Alan Greenspan, chairman of the Federal Reserve, conceded yesterday that US bank inspectors may have missed danger signals at the New York branch of Daiwa Bank before it became engulfed in a $1.1bn bond-trading scandal.
"With the benefit of hindsight, there were some clues that we missed in the examination of Daiwa," Mr Greenspan told a special US Senate hearing in Washington on the Daiwa affair. "With more robust follow-up, the problem might have been found sooner."
Daiwa has been given until 2 February to close all its operations in the US as punishment for the scandal, which centred on losses of $1.1bn accumulated over 12 years by one of its senior traders, Toshihide Iguchi. There was particular anger that while Daiwa learned of its problem in July, it waited until September before informing the US authorities.
Mr Greenspan made direct reference to the two-month delay yesterday and defended his decision to eject the bank from US territory. "The potential cost to our financial system and hence to our economy is too large," he said.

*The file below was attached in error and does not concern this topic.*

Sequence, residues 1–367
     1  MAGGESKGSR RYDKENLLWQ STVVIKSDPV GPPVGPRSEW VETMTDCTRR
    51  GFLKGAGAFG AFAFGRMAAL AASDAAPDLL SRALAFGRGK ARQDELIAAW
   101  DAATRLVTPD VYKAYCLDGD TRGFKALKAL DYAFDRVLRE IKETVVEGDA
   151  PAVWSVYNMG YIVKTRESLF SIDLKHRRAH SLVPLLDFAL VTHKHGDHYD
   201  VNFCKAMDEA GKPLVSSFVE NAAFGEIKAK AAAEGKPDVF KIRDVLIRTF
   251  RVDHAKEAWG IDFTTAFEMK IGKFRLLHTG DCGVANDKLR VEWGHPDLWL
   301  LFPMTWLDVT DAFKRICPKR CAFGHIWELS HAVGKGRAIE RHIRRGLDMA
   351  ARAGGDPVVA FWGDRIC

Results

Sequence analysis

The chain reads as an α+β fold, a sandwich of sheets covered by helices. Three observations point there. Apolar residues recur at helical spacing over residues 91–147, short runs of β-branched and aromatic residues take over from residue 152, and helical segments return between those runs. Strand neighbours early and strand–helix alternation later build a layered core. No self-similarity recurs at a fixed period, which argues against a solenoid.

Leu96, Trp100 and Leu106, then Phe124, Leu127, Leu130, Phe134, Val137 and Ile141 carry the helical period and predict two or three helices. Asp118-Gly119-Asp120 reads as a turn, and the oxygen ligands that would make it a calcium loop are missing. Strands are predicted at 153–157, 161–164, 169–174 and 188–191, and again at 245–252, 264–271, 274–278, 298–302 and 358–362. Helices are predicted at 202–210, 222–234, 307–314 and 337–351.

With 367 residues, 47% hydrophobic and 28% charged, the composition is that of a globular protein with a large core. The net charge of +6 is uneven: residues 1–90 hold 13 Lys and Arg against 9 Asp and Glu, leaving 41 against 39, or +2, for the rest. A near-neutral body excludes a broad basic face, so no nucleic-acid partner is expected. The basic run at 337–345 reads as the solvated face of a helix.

Daiwa itself faced further woes yesterday as it emerged that three of its shareholders were suing 38 bank officials, including its former president, for mismanagement. Also citing the delay before the trading loss was made public, the plaintiffs are asking for damages of 100bn.
US examiners first encountered trouble at Daiwa in 1992, when they zeroed in on Mr Iguchi specifically and requested that he no longer be given dual responsibility for overseeing bond trading and accounting for the trades.
But the investigators apparently never asked whether the unusual position held by Mr Iguchi might have been engineered to cover up the misuse of funds.